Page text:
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How good are the Texas Rangers?

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What matters more: 95 wins or a bad run differential?

MLB: ALDS-Texas Rangers at Toronto Blue Jays Nick Turchiaro-USA TODAY Sports

Anyone who appreciated (A) Jose Bautista’s bat flip in the 2015 ALDS and (B) Rougned Odor’s punch to Bautista’s face during the 2016 regular season was probably pretty disappointed when this budding rivalry flamed out in a three-game sweep last October. The Toronto Blue Jays easily defeated the Texas Rangers, knocking the American League team with the best record out of the postseason almost before it began. But to some, at least, this wasn’t terribly surprising.

The 2016 Texas Rangers won 95 games (and their division) easily, but there was always evidence that this team was a paper tiger. According to Baseball-Reference’s Pythagorean win expectancy, Texas had the run differential of a mere 82-win team. Given the vast disparity between a 95-win total and an 82-win probability, it’s worth asking just how good the Rangers actually were, and if we should expect success or failure in 2017.

Before going any further, it’s important to note that the Rangers also outperformed their differential in 2015 as well. Texas won 88 games, but had an expected win/loss record of 83-79, essentially the same as the 2016 team. It may be meaningless that a team outperformed its run differential by at least five games in two consecutive years, but it’s also at least worth knowing.

The simplest and most obvious explanation of this wild disparity between actual wins and losses and pythagorean projections (particularly in 2016) comes down to close games. As Garry Fraley of the Dallas News wrote, the team’s 36-11 record in one-run games was nothing short of historic. This was hardly an invisible trend, as writers like BtBS’s Evan Davis noted the team’s incredible luck well before the season ended. Close wins are nice, but consistently winning in such situations is usually untenable.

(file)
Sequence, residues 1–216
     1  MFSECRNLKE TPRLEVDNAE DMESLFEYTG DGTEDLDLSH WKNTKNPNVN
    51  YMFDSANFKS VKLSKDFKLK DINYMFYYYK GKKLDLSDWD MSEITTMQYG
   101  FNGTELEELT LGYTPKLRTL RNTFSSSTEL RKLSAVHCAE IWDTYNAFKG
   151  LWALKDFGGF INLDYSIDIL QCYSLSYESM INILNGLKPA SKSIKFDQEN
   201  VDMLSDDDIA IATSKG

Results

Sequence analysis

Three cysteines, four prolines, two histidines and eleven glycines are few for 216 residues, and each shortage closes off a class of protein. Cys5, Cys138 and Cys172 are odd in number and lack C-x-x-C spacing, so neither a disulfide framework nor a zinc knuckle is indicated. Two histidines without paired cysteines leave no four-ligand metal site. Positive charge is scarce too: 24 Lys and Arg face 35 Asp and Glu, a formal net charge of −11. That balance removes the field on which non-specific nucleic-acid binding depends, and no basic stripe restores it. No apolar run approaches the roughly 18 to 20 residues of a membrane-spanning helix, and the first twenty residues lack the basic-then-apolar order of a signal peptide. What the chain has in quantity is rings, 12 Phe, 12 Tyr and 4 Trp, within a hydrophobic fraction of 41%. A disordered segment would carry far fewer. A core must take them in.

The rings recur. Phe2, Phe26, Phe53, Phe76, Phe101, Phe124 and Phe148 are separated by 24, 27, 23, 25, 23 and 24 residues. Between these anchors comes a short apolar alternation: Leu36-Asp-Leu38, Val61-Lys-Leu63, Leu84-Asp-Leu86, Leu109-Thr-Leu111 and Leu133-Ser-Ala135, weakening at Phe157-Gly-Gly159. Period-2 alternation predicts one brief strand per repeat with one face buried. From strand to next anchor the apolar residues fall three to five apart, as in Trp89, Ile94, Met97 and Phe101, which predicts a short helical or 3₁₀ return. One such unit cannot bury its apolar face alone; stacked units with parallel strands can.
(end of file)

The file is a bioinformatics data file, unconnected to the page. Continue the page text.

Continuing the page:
It would be borderline miraculous if the Rangers won close games at anything approaching this rate in 2017, and in all likelihood they will regress back to the mean. This is probably why projections aren’t terribly high on them: FanGraphs projects a record of 83-79 — much closer to their 2016 Pythagorean record — and a three-way tie for second place in the AL West. The safest bet for a team’s future record is looking at past results, and many of these results do not see a bright future for the 2017 Rangers.

At the same time, though, there’s at least some evidence that outperforming a run differential isn’t a complete fluke. The New York Yankees, for example, have posted winning seasons in each of the last four years despite having a negative run differential in three of those seasons. This statistic suggests that these Yankees teams were worse than they looked on paper (quite possible), but it’s also worth pointing out that perhaps manager Joe Girardi deserves some credit for milking the maximum amount of wins out of a subpar roster.

Rob Arthur and Rian Watt wrote an article for FiveThirtyEight that cast Girardi as one of the best bullpen managers of the last 16 years. While they concluded that bullpen management has a negligible effect on total wins, they also suggested that it could have some impact as well. Measuring a manager’s impact on a full season is an incredibly difficult proposition, but the hypothesis that a good manager can help a team over-perform is at least tenable (especially in specific cases).

Can manager Jeff Bannister do the same with the 2017 Texas Rangers? Can this team outperform its run differential, or perhaps even be a good team from all discernible angles? This remains to be seen, even if another 95-win season seems unlikely at the moment. In any case, 95 wins is impressive, even if the accompanying win differential wasn’t. Maybe the Rangers really were as good as their record suggested, and maybe they were as bad as their differential. In 2017, we should come closer to fully understanding.